King Goodwill Zwelithini dies: Who will inherit his throne?
King Goodwill Zwelithini has passed away at the age of 72, after a long battle with diabetes.
Zulu nation mourns death of a king
The royal house confirmed the news in a statement, revealing that the king had been kept in intensive care for weeks after his glucose levels showed worrying signs of instability.
In the wee hours of Friday morning, King Zwelithini succumbed to the metabolic disease.
“On behalf of the Royal Family, we thank the nation for your continued prayers and support in this most difficult time,” the royal house noted.
King Goodwill Zwelithini: Who will be the heir to his throne?
Zwelithini is the longest-serving king of the Zulu nation, holding the throne for about five decades. Staking his claim on a seat of power was no easy feat.
Zwelithini was only 20 years old when the monarchical responsibilities were placed on him after his father, King Cyprian Bhekuzulu, died in 1968.
The young king would spend three years hiding on the outskirts of the kingdom — there were numerous reports of plots to kill him — before he was officially crowned king in 1971.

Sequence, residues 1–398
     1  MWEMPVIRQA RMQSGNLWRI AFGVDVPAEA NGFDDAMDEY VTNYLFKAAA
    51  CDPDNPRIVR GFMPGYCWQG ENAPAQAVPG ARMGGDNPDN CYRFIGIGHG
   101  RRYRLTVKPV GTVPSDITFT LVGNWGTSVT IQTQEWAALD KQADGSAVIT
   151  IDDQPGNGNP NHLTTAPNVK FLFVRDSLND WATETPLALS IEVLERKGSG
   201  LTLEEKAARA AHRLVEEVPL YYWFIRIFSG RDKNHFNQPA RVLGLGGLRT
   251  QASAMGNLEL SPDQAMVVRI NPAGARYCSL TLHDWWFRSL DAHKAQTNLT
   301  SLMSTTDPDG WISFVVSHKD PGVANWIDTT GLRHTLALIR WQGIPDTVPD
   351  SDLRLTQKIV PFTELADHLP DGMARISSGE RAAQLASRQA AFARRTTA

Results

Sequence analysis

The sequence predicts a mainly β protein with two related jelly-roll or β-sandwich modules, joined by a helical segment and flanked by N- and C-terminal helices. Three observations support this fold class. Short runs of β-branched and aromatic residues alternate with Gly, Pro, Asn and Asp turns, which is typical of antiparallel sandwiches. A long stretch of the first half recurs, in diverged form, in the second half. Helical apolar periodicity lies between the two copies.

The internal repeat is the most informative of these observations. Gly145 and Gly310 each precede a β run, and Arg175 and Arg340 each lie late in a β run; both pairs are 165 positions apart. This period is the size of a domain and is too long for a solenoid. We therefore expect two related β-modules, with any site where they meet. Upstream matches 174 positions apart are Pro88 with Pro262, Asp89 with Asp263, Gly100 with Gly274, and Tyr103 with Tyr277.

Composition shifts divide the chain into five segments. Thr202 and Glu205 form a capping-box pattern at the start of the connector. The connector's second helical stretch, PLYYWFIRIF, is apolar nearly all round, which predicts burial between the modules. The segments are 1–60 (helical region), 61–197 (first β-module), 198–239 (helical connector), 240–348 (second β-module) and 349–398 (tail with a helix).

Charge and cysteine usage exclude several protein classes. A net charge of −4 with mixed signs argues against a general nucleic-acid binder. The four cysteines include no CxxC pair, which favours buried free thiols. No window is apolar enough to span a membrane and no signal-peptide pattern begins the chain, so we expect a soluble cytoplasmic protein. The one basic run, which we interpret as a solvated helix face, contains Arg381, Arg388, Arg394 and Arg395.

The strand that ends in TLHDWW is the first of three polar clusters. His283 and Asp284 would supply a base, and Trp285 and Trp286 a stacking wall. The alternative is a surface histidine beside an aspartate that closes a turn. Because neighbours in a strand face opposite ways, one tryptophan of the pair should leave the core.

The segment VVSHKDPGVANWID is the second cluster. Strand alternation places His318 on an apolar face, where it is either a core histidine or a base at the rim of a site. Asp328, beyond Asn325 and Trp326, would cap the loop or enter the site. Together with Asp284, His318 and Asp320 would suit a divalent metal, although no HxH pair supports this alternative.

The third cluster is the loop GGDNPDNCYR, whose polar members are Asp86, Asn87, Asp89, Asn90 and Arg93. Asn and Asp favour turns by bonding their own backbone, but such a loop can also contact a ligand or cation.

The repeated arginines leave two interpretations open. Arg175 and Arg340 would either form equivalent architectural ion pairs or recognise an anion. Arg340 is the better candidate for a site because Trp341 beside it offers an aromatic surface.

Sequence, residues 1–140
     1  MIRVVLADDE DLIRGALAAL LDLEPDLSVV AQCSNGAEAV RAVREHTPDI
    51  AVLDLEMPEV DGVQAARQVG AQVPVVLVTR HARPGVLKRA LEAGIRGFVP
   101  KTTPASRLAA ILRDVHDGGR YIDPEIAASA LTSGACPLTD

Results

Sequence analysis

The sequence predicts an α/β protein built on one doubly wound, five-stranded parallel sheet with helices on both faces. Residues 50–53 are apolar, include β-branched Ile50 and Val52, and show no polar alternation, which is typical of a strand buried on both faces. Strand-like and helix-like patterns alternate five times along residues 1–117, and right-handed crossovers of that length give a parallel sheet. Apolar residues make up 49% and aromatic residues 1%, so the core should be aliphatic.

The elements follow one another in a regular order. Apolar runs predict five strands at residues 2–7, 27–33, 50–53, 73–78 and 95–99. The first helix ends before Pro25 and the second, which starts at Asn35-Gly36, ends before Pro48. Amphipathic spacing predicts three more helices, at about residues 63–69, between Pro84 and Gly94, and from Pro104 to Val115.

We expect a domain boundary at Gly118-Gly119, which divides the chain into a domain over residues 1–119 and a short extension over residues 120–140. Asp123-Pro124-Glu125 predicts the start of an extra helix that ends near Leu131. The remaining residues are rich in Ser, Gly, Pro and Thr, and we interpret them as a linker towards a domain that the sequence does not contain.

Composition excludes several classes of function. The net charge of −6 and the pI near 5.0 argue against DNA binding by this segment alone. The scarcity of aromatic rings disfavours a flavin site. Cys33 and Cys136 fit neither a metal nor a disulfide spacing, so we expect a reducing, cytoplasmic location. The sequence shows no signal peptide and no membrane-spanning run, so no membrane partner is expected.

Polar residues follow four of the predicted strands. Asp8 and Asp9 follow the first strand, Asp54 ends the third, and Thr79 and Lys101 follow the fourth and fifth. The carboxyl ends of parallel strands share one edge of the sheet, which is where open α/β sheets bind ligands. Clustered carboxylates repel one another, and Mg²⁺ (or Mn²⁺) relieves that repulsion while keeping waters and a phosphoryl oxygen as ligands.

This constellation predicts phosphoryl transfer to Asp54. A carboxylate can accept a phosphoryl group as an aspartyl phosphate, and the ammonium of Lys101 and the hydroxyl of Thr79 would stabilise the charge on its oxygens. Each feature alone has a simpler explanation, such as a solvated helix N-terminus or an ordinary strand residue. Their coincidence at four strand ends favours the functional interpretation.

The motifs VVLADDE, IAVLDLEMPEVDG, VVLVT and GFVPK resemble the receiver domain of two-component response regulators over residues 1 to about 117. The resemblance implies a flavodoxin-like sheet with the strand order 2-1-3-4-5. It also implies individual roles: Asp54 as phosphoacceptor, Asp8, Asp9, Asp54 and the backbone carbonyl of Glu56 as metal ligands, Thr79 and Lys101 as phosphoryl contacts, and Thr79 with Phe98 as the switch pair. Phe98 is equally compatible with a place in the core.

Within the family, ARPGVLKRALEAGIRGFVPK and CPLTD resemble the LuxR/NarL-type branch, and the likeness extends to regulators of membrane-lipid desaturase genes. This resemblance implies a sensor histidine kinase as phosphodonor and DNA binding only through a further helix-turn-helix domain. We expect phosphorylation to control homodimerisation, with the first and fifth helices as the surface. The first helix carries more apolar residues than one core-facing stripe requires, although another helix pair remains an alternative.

As the nation mourns the fall of a king, in the royal circles, murmurs are abuzz on who will occupy his powerful seat. At this time, the royal house has not made any official statement on Zwelithini’s last-dying words — if there were any.
Unlike in most Western monarchies, there is no direct ritual practised in replacing kings. The process of replacing an heir is a complex one that, more often than not, breeds feuds.
A common practice in the Zulu kingdom, however, is that whoever becomes king must come from pure royal blood. Of Zwelithini’s rumoured 32 children, it’s believed that two princes hold a strong claim.
Prince Misuzulu, aged 42, the son of Queen Mantombiof the Swazi royal bloodline is a frontrunner. Then there is Prince Lethuk’thula who is a decade older than Misuzulu. He is the son of Queen Sibongile from the Dlamini bloodline.
Neither of these two names has surfaced as contenders for the throne. We suspect, however, that more updates on this pertinent issue will surface after the burial of King Zwelithini.